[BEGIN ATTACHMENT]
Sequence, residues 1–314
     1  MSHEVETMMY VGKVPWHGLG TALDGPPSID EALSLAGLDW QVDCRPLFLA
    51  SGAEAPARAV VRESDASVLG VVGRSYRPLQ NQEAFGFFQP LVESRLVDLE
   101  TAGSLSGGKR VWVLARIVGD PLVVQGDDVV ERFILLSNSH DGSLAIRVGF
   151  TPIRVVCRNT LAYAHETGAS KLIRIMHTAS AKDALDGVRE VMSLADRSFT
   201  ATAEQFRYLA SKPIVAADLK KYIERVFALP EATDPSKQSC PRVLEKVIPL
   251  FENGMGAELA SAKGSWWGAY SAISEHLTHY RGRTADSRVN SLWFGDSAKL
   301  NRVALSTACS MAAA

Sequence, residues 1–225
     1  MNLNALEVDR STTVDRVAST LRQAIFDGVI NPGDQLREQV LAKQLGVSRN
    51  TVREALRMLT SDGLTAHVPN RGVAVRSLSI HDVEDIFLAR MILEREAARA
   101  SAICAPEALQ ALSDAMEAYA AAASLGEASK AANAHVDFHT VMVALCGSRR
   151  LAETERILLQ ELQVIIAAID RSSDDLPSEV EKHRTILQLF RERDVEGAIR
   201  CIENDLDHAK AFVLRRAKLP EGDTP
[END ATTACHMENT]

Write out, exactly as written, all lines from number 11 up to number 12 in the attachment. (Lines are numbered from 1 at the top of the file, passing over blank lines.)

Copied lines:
    51  TVREALRMLT SDGLTAHVPN RGVAVRSLSI HDVEDIFLAR MILEREAARA
   101  SAICAPEALQ ALSDAMEAYA AAASLGEASK AANAHVDFHT VMVALCGSRR